Author Topic: BitUSD Market Maker - Proposal for Discussion  (Read 21654 times)

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Offline bytemaster

Many people have lost money due to margin calls from the $100M to $40M fall in BTSX value.    Volatility is the risk that shorts must be concerned about. 
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Offline kisa

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FUNNY THOUGHT: Just popped in my head, so silly I never saw this... BTSX will either succeed like crazy or go out in a bang. If it goes out like a bang, no matter how many BTSX I have, I get 0. If it takes off like crazy, I get money proportional to my holdings. In this game, I should leverage EVERYTHING I have as much as possible to get as many BTSX on margin as possible. If it goes up, i make a lot more than if I didn't leverage. If it goes down, I loss the exact same as if I did not leverage. The optimal move is to leverage and max out no matter what the BTSX-USD exchange rate.


who would give you a loan for buying BTSX "on margin"? unless the creditor believes nearly 100% in BTSX, in which case they are better off investing themselves ;) margin trading is usually available as long as margin not exceeded, e.g. for comparatively low volatility assets...

that's exactly my point: very few people will let you buy on margin, that's why bitUSD was trading so low (you had to pay a premium). And people didn't care they were paying a premium since if BTSX collapsed, they would get nothing either way.

agree this strategy would make sense in a binary one-period scenario. however, the reality is probably far from one-period binary. e.g. people pursuing that strategy would risk losing some bitshares, if BTSX went down somewhat to trigger margin calls, and then recovered. hasn't that happened already?

Offline santaclause102

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I didnt really participate in this discussion so it might be redundant.

But what if shorts can be executed at any price but all other trades are fixed to the price feed? Also the short trade redeems his collateral at the ratio of bitusd/btsx he actually shorted at. All other trades would be converting bitusd into btsx (which is how a merchant measures the value of a bitusd), what else?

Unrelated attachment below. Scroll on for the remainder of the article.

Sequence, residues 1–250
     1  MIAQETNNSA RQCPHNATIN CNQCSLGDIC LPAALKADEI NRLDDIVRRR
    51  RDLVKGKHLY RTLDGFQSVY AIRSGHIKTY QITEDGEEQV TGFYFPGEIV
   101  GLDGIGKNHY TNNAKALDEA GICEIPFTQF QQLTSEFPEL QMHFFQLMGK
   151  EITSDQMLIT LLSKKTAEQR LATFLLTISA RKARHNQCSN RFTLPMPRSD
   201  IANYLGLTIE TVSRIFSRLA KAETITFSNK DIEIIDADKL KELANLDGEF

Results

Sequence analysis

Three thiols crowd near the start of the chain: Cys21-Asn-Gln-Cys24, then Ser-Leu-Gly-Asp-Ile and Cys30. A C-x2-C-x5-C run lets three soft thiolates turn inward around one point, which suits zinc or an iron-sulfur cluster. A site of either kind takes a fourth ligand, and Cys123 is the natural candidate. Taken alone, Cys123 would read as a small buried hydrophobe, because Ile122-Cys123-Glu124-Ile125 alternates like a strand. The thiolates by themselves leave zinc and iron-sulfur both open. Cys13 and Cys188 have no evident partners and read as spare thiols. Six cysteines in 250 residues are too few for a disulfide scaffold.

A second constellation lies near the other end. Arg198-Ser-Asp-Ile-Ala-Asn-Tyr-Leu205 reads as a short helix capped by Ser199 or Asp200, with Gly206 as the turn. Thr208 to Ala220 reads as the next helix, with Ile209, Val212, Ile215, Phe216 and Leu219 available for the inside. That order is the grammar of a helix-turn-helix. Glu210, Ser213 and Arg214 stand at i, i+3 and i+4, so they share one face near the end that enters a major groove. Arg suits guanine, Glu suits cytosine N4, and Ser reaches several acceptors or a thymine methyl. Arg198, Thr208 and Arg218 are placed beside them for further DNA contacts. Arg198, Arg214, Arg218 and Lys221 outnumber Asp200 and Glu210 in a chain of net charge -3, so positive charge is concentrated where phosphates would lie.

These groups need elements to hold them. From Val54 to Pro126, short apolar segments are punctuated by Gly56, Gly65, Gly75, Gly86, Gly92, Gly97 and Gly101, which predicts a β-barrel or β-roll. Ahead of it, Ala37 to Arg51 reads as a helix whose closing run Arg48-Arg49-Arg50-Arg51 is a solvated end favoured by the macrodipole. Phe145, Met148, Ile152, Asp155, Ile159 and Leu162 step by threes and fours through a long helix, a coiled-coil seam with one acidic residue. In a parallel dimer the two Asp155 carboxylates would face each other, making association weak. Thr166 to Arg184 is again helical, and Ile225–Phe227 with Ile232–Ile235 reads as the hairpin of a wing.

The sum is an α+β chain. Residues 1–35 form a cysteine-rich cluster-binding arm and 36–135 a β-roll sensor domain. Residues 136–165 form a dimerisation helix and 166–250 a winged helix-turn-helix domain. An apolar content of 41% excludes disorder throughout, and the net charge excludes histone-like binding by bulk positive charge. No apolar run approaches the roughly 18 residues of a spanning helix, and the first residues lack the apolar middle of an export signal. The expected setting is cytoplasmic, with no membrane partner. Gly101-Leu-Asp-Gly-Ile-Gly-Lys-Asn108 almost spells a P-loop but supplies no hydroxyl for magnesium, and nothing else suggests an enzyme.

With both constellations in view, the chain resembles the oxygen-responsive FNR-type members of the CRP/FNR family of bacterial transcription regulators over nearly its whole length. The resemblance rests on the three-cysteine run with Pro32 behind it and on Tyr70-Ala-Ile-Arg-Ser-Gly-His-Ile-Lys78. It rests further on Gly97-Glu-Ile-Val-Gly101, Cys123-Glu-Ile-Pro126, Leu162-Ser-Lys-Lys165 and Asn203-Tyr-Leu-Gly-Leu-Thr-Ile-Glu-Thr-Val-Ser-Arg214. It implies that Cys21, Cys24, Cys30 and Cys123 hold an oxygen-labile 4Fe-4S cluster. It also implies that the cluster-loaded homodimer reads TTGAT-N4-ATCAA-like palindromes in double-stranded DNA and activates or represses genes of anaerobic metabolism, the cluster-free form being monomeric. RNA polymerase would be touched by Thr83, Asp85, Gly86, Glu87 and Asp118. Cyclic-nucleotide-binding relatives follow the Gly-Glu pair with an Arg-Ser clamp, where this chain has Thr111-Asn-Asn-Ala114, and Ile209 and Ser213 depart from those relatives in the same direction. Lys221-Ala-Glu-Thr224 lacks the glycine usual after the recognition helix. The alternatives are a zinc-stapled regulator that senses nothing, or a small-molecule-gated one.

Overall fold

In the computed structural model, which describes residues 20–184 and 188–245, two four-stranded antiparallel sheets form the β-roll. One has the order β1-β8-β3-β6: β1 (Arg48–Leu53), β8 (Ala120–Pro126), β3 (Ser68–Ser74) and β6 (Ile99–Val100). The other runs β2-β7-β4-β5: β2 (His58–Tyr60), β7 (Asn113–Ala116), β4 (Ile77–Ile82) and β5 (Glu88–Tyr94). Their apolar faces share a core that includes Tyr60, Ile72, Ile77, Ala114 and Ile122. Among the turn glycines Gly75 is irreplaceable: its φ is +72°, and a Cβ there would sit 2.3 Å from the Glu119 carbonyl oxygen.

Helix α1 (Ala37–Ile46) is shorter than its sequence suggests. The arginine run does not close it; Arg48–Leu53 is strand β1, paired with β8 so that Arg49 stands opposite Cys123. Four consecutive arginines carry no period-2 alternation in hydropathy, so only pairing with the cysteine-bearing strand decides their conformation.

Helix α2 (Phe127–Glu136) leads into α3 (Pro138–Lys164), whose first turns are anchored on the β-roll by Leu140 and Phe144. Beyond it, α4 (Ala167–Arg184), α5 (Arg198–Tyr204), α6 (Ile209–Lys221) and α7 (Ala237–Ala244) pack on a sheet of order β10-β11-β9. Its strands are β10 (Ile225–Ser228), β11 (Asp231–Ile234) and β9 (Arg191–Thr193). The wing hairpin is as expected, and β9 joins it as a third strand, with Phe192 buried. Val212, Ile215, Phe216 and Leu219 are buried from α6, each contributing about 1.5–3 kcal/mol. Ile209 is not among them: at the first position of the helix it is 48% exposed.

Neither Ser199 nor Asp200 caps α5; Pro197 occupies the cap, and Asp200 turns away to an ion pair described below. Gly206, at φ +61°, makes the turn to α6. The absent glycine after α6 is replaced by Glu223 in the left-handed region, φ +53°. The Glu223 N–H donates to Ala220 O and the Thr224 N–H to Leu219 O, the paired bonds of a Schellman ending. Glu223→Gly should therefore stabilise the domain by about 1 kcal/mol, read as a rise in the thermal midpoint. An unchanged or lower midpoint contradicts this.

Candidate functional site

Would there be an immediate arbitrate possibility? If so what about making it like fututre contracts that need a certain amount of time to be able to be converted back into btsx again? 
« Last Edit: September 04, 2014, 10:01:20 am by delulo »

Offline maqifrnswa

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FUNNY THOUGHT: Just popped in my head, so silly I never saw this... BTSX will either succeed like crazy or go out in a bang. If it goes out like a bang, no matter how many BTSX I have, I get 0. If it takes off like crazy, I get money proportional to my holdings. In this game, I should leverage EVERYTHING I have as much as possible to get as many BTSX on margin as possible. If it goes up, i make a lot more than if I didn't leverage. If it goes down, I loss the exact same as if I did not leverage. The optimal move is to leverage and max out no matter what the BTSX-USD exchange rate.


who would give you a loan for buying BTSX "on margin"? unless the creditor believes nearly 100% in BTSX, in which case they are better off investing themselves ;) margin trading is usually available as long as margin not exceeded, e.g. for comparatively low volatility assets...

that's exactly my point: very few people will let you buy on margin, that's why bitUSD was trading so low (you had to pay a premium). And people didn't care they were paying a premium since if BTSX collapsed, they would get nothing either way.
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Offline kisa

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FUNNY THOUGHT: Just popped in my head, so silly I never saw this... BTSX will either succeed like crazy or go out in a bang. If it goes out like a bang, no matter how many BTSX I have, I get 0. If it takes off like crazy, I get money proportional to my holdings. In this game, I should leverage EVERYTHING I have as much as possible to get as many BTSX on margin as possible. If it goes up, i make a lot more than if I didn't leverage. If it goes down, I loss the exact same as if I did not leverage. The optimal move is to leverage and max out no matter what the BTSX-USD exchange rate.